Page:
Angel believes these discussions need to happen very early in the process and needs to directly involve workers. “You talk to them. You ask them… You need to understand the specific context of the work camps and the work sites themselves because they do vary. Some are abundant with amenities, others are quite bare basics.”
To guide this process, she created a Mobile Worker Well-Being Assessment Tool (MWWAT) that looks at the physical layout of a camp but also the supports for mental health, social engagement and recreation. She proposed the idea in her 2014 thesis and had some positive feedback, but after the downturn, she says it didn’t seem to be a priority.
Who’s responsible for the mental and physical health of workers while living in camps? It’s not obvious. While working, most of that responsibility falls to the employer and is enforced by various provincial and federal labour laws. But if workers are off duty, the level of services depend on the individual camp operator.
Camps are categorized as “open” or “closed.” Closed camps are restricted to workers with one company or project and are more likely to have taken part in an environmental assessment. Open camps are not necessarily tied to one project and can house a variety of contractors and workers. They operate more like hotels.
Dorow says there is a huge difference in how open and closed camps are run. “In some of the closed camps I know, they had more access to counseling, things like yoga, that were really focused on well-being in a holistic sense for mental health.” But in the open camps she visited, there were no mental health services on site, with employers likely providing services such as an employee assistance program through an outside human resources company.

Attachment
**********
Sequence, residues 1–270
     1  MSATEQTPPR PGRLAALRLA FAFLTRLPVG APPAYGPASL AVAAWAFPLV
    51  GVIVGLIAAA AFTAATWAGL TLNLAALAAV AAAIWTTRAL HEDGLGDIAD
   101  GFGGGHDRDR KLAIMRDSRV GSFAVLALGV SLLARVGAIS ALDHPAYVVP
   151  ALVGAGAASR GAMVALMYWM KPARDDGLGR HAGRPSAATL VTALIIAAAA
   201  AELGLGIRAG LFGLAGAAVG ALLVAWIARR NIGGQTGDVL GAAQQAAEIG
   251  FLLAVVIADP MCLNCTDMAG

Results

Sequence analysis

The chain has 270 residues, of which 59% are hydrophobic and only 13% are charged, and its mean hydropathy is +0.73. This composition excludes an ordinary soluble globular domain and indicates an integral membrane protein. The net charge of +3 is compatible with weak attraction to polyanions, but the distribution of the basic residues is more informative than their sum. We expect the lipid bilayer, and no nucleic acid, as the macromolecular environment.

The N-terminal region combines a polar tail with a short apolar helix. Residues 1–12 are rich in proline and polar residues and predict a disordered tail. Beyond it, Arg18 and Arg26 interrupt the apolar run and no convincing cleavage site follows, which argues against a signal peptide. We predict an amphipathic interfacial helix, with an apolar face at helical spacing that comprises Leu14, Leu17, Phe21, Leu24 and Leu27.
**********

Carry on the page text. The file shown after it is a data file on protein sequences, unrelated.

Discourse visited open and closed camps throughout the Peace River Regional District in B.C. and the RMWB in Alberta. On our reporting trip we saw a wide range of available services and resources: from the Encana Prairie Lodge in Fort St John, which had an on-site ambulance, access to a physician’s assistant and a space for Alcoholics Anonymous meetings, to an open camp where the cook joked that the local bartender was the best place to go for help.
In B.C., Northern Health put out guidelines for camps in its region that specifically address mental health, addictions and disease prevention. But these are not mandatory.
Some companies are paying more attention. Suncor has a crisis management line available 24/7. Open camp operator Horizon North says it has a mentorship program for new workers, and Outland Camps says it has training programs to let employees know how the company will support them if they have addiction or mental health issues.
But from what Matt Haynes has seen, it isn’t enough. He worries some of the initiatives exist merely on a public relations level. “I have never walked into a camp where they really sat me down, particularly with the newer workers, [and said], ‘Listen, you are about to engage in something that is very different than you are used to, we do have resources to help you deal with it, here’s where they are.’”
Haynes remembers wishing his days away in camp and turning to fitness as an escape. “Guys were going to use drugs and alcohol, I decided I was going to go use the gym… That’s just kind of something that kept me on the straight and narrow.”
Now, Haynes is running a fitness company in Costa Rica. What started as a way to escape the isolation of camp life became a reality. “It’s absolute paradise out here,” he says.
But back in Canada, despite the downturn, workers are still crisscrossing the country for work, many trying to build a community from strangers while leaving the families they support back home. With the added stress of the slowdown, union representative Ian Robb worries more workers will need access to mental health tools and services. “You know the mental stress that is going on now… jobs coming to an end… there is going to be more and more illness, and mental illness.”
Camps have evolved from a stack of trailers to mega-complexes, but they still have a way to go. “We want to make sure it’s a safe environment for those workers to come,” says Robb, “and I think there are lots of opportunities at these camps.” [end]
This piece was edited by Katie Lewis, with fact-checking and copy editing by Jonathan von Ofenheim. Discourse’s executive editor is Rachel Nixon.